Die Mond

We stayed at Die Mond when we left booking accommodation in the Tankwa Karoo National Park too late. Nothing will prepare you for the surprise at finding this oasis in the middle of the arid landscape!

Getting there: leave Ceres on the R46 which becomes the R355 and then swings north. Alternatively, include the Katbakkies Pass in your trip by heading north up Gydo Pass from Ceres on the R303. There is no fuel available in the area, so be sure to have a jerry-can on hand.

Our campsite was right on the water’s edge, with weaver birds nests forming a fringe across the vista. We were warned upon booking that insects would be a problem, so we stocked up on Tabbard. Luckily we have a gazebo with net walls; this made all the difference. The insects were numerous, but luckily they appeared to be of the bugging kind and not of the biting kind.

The ablutions were great with 12V LED lighting and plenty of hot water from the almost constantly stoked donkey boiler.

A hot but easy walk of less than 1km upstream will bring you to some rock art. You might still be gobsmacked at the sight of so much water in the middle of the arid landscape, and it is worth walking further up the river to admire the cliffs on the other side.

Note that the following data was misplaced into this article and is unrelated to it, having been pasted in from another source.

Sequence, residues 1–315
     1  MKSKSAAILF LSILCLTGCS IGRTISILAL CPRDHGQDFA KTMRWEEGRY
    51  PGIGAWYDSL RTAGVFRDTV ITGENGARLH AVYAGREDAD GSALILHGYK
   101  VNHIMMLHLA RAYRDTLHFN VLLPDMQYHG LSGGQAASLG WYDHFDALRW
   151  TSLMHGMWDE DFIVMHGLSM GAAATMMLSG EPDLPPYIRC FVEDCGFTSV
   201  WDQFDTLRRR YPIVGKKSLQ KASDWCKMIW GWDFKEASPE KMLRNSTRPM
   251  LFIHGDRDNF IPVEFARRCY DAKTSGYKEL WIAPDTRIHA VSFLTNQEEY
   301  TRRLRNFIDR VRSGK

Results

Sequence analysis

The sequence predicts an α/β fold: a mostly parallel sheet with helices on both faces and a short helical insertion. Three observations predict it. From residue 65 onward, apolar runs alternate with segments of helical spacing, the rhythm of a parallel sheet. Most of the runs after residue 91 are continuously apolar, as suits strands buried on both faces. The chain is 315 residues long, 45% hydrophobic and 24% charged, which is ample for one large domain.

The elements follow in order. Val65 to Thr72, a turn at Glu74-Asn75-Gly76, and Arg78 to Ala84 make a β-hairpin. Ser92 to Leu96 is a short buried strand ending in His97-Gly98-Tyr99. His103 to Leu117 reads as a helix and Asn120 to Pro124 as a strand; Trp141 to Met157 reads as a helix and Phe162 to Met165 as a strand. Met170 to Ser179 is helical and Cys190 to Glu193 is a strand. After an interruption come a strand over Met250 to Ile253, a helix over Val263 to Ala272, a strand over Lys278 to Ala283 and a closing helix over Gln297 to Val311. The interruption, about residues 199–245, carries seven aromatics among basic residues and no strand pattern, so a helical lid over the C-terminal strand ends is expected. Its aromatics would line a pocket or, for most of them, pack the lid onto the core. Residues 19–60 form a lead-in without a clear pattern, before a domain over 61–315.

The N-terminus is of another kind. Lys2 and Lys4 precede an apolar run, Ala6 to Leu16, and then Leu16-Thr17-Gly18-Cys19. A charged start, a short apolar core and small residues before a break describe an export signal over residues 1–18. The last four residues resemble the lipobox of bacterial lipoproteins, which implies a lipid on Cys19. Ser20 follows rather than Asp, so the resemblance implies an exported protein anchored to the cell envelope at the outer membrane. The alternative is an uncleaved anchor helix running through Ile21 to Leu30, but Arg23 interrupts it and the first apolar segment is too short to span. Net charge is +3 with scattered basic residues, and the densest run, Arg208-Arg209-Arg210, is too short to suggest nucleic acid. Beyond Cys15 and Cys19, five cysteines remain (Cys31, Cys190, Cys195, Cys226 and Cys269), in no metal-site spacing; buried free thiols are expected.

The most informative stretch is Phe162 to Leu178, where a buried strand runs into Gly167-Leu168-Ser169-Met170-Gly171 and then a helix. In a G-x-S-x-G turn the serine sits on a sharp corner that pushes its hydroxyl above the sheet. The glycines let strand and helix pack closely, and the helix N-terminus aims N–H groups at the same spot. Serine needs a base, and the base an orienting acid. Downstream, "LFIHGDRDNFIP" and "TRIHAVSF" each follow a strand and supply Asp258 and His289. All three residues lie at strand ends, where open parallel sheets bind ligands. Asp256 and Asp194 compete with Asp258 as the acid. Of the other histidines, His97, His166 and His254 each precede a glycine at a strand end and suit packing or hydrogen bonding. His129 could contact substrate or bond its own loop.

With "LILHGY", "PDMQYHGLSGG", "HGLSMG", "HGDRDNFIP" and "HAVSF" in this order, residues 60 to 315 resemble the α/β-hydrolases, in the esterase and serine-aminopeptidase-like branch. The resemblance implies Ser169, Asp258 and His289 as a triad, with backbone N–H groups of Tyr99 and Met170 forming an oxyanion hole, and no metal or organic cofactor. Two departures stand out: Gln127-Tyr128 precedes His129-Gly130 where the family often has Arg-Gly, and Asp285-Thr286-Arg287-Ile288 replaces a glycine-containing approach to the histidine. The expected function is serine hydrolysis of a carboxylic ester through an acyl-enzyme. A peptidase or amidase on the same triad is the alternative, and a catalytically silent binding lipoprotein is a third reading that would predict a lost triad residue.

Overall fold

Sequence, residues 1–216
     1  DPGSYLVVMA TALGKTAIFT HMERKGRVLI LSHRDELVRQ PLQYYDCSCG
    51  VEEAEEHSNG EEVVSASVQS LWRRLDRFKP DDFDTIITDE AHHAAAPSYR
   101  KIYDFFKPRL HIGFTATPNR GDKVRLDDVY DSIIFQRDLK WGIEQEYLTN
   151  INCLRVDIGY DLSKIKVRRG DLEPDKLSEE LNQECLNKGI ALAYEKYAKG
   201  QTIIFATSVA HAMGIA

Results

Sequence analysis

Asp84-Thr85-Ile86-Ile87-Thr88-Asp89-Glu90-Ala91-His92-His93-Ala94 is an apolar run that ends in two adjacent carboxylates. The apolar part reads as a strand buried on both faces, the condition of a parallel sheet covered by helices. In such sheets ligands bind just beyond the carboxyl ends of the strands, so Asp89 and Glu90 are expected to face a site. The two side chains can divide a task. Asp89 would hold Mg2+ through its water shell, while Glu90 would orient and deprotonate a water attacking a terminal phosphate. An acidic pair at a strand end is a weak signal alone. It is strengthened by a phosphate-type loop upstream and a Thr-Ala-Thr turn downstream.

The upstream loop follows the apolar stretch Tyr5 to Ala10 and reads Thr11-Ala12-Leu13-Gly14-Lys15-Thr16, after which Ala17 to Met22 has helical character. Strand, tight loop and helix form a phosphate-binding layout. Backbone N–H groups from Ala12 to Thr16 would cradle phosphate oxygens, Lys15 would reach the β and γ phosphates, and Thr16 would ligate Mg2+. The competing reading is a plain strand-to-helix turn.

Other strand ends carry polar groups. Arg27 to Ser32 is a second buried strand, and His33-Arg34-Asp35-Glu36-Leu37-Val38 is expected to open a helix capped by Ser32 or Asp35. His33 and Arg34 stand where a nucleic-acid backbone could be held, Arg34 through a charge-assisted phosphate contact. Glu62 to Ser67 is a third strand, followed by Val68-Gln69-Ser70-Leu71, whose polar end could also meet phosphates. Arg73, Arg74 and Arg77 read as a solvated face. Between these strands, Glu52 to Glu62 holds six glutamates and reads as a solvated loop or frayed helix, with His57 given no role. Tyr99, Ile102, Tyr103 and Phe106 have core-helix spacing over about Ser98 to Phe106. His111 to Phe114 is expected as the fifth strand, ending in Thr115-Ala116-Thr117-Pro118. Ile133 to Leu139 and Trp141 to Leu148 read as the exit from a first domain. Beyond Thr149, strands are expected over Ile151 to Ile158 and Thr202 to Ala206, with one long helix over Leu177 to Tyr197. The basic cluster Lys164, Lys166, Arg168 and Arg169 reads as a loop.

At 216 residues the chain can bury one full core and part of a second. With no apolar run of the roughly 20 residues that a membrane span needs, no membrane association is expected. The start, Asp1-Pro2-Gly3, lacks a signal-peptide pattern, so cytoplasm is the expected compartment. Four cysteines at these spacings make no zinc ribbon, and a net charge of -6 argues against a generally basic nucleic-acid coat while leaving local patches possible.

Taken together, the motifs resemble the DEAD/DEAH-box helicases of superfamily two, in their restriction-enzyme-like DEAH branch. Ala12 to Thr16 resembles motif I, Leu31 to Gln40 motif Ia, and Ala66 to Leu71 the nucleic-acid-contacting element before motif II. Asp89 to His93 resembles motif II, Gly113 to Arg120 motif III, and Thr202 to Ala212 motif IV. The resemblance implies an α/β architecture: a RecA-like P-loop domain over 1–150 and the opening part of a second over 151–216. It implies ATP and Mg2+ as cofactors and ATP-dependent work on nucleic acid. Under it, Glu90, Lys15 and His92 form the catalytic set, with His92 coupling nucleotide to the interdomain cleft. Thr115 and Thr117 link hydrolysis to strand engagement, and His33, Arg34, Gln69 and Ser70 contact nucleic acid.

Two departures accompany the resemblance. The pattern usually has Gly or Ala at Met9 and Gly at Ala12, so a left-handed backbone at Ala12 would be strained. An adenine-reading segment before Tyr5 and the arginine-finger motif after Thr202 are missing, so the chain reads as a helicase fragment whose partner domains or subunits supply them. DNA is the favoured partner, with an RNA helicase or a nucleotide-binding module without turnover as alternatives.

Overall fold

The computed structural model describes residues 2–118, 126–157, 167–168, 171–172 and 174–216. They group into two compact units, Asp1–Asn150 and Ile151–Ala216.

We used Die Mond as a base to make a day-trip to the Tankwa Karoo National Park. If you do this be aware that you are in for a long, bumpy, hot and dusty day of driving! This was our first trip of this kind and fortunately I had remembered to take 2 10 litre fuel cannisters along.

You can buy ice and firewood from reception. There is no cell reception. We loved the renewable energy — the wind turbine was whirring constantly in the breeze.

Campsite, Die Mond, Tankwa Karoo
Campsite, Die Mond